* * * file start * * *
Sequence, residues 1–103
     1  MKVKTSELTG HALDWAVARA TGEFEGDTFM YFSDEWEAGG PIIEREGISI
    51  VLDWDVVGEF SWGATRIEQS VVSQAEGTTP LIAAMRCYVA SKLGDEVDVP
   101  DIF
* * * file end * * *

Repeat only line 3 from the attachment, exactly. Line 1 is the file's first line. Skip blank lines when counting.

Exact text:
    51  VLDWDVVGEF SWGATRIEQS VVSQAEGTTP LIAAMRCYVA SKLGDEVDVP